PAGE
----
It’s September 1917, and Lucia has just kissed her cousin. It was a wet, complicated event, and she’s not now sure how she should go about removing the taste of it from her lips. Sheep crowd around her feet. She sticks her tongue out.
On the tree before her, a woman appears. She is standing on the end of the thinnest branch at the top of the tree. One foot in the air, the other on the branch, she looks at the girl.
“Hello,” says Lucia. “Do I know you?”
The woman bends backwards until she is horizontal, one toe on the edge of the branch. Her arm turns upwards. A finger points at the sky.
Lucia looks up. The sky is clear, and there is nothing in the direction that the woman is pointing. Then, a moment later, there is a glimmer of light high in the blueness, spinning briefly before winking out of sight.
“Jacinta, give me some cheese,” says Lucia. They are high in the valley.
Jacinta hands over a slice, which Lucia eats at once. She nods for another, which is given immediately.
“We’re very alone,” remarks Jacinta.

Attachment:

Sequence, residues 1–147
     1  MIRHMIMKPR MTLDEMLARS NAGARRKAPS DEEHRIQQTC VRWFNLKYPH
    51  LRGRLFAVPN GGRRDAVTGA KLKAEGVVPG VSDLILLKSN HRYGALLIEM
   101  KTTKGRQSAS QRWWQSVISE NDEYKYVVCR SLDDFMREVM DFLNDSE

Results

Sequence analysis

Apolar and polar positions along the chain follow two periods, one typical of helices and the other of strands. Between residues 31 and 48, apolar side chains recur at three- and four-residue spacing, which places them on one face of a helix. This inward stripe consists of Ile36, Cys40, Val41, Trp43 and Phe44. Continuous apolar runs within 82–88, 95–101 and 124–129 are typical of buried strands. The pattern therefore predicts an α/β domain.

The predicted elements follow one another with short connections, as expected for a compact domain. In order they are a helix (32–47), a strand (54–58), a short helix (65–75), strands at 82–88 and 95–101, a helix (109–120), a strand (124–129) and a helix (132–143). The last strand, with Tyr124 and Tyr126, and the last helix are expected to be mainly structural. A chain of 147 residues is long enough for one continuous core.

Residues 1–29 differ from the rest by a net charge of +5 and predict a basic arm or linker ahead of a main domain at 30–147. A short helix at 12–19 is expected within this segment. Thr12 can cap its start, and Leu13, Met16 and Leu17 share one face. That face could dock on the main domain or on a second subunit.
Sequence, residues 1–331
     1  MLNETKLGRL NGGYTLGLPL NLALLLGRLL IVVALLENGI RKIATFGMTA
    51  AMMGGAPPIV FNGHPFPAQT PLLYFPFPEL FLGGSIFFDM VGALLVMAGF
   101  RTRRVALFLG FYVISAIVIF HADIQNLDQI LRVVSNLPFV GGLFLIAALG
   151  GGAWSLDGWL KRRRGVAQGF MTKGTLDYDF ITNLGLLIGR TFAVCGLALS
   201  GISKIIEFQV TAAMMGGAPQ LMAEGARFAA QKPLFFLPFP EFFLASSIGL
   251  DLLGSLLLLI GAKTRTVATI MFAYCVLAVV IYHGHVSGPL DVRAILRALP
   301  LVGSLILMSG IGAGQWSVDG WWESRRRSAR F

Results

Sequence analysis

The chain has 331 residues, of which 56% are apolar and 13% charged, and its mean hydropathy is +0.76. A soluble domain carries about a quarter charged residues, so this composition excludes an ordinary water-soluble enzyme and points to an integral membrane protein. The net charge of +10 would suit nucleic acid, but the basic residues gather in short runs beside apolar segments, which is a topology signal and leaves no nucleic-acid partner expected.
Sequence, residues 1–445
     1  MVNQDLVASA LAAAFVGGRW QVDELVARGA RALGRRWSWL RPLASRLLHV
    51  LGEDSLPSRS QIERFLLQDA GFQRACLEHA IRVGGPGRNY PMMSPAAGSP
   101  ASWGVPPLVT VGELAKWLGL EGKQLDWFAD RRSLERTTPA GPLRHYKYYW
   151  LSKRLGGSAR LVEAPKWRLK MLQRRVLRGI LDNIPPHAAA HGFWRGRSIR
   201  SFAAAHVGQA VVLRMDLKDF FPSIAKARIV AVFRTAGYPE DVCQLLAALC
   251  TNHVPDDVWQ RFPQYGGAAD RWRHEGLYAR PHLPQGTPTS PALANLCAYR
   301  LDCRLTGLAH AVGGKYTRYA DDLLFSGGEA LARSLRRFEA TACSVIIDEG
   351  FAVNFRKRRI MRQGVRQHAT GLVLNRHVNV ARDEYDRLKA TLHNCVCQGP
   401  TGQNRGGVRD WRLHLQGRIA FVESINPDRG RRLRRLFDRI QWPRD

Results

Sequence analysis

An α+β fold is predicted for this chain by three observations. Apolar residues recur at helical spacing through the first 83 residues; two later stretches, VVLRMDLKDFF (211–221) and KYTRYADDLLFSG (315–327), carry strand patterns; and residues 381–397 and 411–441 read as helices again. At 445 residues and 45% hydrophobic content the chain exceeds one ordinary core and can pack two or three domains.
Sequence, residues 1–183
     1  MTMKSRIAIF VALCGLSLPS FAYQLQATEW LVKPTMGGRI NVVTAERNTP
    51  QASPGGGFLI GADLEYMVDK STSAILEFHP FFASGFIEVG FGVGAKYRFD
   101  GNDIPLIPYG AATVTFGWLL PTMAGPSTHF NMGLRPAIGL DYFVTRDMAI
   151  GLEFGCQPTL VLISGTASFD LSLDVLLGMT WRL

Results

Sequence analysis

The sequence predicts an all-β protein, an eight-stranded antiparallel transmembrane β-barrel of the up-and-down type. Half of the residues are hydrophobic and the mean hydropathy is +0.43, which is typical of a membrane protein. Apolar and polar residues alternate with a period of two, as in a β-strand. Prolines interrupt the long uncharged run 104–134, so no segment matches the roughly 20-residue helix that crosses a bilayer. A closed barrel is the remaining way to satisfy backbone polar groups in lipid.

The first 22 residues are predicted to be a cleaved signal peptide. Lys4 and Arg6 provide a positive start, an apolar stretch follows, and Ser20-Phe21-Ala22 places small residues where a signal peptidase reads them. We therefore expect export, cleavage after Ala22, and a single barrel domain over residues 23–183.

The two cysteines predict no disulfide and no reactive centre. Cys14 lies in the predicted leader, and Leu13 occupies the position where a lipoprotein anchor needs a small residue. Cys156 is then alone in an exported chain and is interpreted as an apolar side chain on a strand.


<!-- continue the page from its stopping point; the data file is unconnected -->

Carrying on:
“I gave you my cheese…”
“Because I asked for it.”
Jacinta leans closer. Lucia watches him come. His lips are parted, his eyes half-closed. Just as he is about to make contact, a young boy appears in the air above them.
“Do you see him too?” asks Lucia. Her cousin staggers back, away from the picnic sheet. “I told you that it is wrong to kiss your cousin. Now see what you’ve done!”
The boy in the air nods at Lucia. “October 13, a secret will be revealed at Cova da Iria. But you must keep it to yourself until the correct time.”
“Who are you?” asks Lucia, standing.
The little boy does a spin, his arms to the side, his legs crossed. When the spin concludes, he vanishes.
Jacinta is whimpering. Lucia is staring at the sheep. They, she thinks, appear to be staring back at her.
There are a million people in the field. At least Lucia believes there are a million. They are all staring at the sky.
In the last weeks, Lucia has been chastised by her parents, ridiculed by many people, questioned by the papal legate, threatened with prison… and kissed by her cousin. But now there are a million people on the plain, looking at the sky – all because of her.
It is October 13.
Lucia is in a white dress. She is wearing a headband. Down the valley, she can see the town of Fatima. It is a rough place, the color of mud.
“There is no Virgin Mary here,” notes the papal legate. “You, child, are a liar.”